- Realme has launched two new devices, the Realme 11 and the Realme 11x, as part of the new Realme 11 series.
- When pitted against each other, both Realme 11 phones share a lot of similarities and are only separated by the camera system and the charging speed.
- Priced under Rs 20,000, the Realme 11 and the Realme 11x face tough competition in the already overcrowded mid-range segment, which begs the question: Should you buy the new Realme 11 devices?
Realme launched the Realme 11 Pro series, featuring the Realme 11 Pro and the Realme 11 Pro+, in India a few months back. Although good offerings in their own capacities, the devices fell short of expectations when stacked against their competition.
Now, in an effort to extend the series and have more offerings for the different needs of customers under different price points, Realme has launched two new devices, the Realme 11 and the Realme 11x, as part of the Realme 11 series.
Priced under Rs 20,000, both phones share a lot of similarities, except for cameras and charging. But how do they fare against each other, and should you pick them over their competition? Let’s find out in our Realme 11 and Realme 11x review.
Realme 11 and Realme 11x Review: What’s Similar?
Realme has opted to use the same design on both Realme 11 and Realme 11, just like it did with the two devices in the Realme 11 Pro series.
It’s a boxy design, with flat edges on the sides and a plastic back panel. Since the back panel is made of plastic, it manages to conceal fingerprint smudges decently. In addition, the “S-curve gradient” design, which illuminates as light falls on it at certain angles, also aids with the same and gives the device a unique characteristic.
Realme has gone with a flat-edged side design on the Realme 11 and Realme 11x likely because it wants to make the devices stand out from their competition in the same price bracket. But I have one problem with this design: I find the edges rather too sharp, especially on the Realme 11, and noticed that they leave a mark on fingers even with limited use, making it uncomfortable to use the phone without a case.
Likewise, I don’t particularly like the gradient finish on the back panel of these devices either. It’s a little too fancy for my taste, and given a chance, I would pick the black options of these models since they are muted and a bit more subtle. Other color options for the Realme 11 include Glory Gold and Glory Black, whereas, for the Realme 11x, you have Purple Dawn and Midnight Black.
Another design highlight of the Realme 11 series models is the “Glory Halo design” element. It’s essentially a fancy name for the rear camera module, which is a fairly large, circular one on both these models, located slightly off-center on the back panel. Besides, you get the volume buttons and a power-button (with fingerprint scanner) along the right side on both devices. The fingerprint scanner is quick to unlock and quite accurate. However, the haptics aren’t that good on either device.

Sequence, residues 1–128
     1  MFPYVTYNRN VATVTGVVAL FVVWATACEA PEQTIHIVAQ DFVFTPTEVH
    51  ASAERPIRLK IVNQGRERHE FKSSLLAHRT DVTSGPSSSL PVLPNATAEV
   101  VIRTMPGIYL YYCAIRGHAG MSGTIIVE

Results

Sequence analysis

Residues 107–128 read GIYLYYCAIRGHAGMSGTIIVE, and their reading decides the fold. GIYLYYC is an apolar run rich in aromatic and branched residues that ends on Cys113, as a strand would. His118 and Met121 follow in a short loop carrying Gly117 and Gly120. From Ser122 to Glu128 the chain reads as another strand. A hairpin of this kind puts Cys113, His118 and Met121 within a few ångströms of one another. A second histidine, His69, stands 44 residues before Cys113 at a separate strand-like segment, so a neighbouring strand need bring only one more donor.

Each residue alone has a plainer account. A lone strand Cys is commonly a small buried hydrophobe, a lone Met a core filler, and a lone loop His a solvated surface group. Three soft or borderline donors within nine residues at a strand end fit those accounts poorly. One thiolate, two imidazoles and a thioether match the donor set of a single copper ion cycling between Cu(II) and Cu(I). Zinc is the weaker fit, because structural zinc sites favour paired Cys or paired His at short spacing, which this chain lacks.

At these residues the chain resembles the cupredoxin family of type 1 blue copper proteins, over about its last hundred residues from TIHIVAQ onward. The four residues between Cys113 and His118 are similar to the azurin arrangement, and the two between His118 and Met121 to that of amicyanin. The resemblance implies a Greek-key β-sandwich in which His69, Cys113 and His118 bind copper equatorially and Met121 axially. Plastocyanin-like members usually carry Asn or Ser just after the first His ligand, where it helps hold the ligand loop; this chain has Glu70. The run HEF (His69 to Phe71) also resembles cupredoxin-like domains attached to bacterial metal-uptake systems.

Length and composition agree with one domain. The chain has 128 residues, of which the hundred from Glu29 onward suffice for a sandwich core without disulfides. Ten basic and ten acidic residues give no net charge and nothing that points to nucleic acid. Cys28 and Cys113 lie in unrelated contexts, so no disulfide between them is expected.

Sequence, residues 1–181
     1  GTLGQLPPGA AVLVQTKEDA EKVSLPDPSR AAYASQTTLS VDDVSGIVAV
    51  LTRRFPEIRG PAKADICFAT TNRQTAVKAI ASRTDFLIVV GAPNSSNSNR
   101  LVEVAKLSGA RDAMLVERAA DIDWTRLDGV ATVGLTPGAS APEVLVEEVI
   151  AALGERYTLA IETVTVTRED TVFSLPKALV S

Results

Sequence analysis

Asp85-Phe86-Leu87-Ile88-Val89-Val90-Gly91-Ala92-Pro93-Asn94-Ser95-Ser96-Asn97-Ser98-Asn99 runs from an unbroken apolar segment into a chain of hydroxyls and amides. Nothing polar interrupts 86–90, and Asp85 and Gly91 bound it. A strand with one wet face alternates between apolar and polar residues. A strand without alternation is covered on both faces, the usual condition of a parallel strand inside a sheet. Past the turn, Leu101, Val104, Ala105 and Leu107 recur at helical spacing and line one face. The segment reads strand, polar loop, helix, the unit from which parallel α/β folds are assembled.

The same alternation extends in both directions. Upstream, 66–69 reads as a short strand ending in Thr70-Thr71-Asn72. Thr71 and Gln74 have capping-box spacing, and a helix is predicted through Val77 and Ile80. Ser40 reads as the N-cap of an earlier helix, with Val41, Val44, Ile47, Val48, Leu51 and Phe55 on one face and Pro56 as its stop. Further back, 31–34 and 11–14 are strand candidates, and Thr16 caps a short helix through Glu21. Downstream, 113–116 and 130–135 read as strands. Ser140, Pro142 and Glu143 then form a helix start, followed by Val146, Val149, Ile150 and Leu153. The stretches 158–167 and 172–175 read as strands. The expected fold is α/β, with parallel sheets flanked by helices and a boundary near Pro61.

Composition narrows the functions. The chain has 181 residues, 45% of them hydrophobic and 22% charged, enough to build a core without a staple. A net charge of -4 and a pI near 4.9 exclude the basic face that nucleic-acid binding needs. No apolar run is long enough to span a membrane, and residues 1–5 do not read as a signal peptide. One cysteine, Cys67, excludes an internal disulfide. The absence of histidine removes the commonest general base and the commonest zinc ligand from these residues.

Moving to the front, you get a 6.72-inch IPS LCD display on both Realme 11 and Realme 11x. One thing that jumps out when looking at this display (with the screen turned on) is that the bezels are asymmetric, and the bottom one, in particular, is noticeably bigger than the rest. For those who care about the display, this can be a little disappointing.
The display offers a screen resolution of 1080 x 2400 pixels and has a peak brightness of over 500 nits. However, the outdoor visibility isn’t the best, and using the two phones in bright sunlight doesn’t give you the best experience. Similarly, since it’s an LCD panel, the viewing angles are limited, and so are the contrast levels. Realme offers two color modes on both models, along with the ability to adjust the screen temperature so you can set the display to your taste.
Lastly, the display supports a high refresh rate of 120Hz. You can either set your device to use the high refresh rate at all times or switch automatically to conserve some battery.
Both phones support Widevine L1 certification, meaning you can watch FHD content on OTT platforms. Speaking of, the media consumption experience isn’t the best on these devices since the display isn’t particularly good in that regard, and the accompanying mono speakers on these devices are subpar, lacking in terms of output volume and clarity. What’s good, though, is the inclusion of the 3.5mm audio jack, which lets you enjoy wired audio on the device.
Coming to performance, the Realme 11 and the Realme 11x share the same MediaTek Dimensity 6100+ chipset based on the 6nm fabrication process. It’s a relatively new chipset, which comes with two performance cores and six efficiency cores and offers a maximum clock speed of 2.2GHz. Additionally, it has an ARM G57 MC2 GPU for handling graphics.
Realme offers one RAM (8GB) and two storage options (128GB or 256GB) for the Realme 11. Meanwhile, the Realme 11x gets two RAM (6GB or 8GB) and one storage (128GB) option. Both models support dynamic RAM expansion, up to 16GB, for those who need it. Similarly, if you need more storage, you have the option to expand it using a microSD card. Both phones get a dedicated microSD card slot.
In day-to-day use, these internals translate to a fairly decent performance on both models. Performing regular tasks like clicking photos, using social media, and browsing the web are handled decently by the chipset. However, the multitasking experience isn’t very fluid—there are other devices in this price range that do a better job. Similarly, what isn’t smooth either is the overall user experience, which could perhaps be due to the software.